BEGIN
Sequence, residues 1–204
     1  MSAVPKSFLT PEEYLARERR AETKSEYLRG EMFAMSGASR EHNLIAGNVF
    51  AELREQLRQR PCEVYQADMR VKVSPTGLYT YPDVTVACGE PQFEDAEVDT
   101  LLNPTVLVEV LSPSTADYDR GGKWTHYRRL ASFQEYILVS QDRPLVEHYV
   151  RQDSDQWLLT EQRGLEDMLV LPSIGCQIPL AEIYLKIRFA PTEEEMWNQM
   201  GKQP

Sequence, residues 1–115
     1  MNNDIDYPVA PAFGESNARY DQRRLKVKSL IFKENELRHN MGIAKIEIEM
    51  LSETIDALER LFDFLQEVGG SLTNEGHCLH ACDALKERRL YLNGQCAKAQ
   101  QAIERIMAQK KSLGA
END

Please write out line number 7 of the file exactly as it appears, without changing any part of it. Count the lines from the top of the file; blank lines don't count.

Sequence, residues 1–115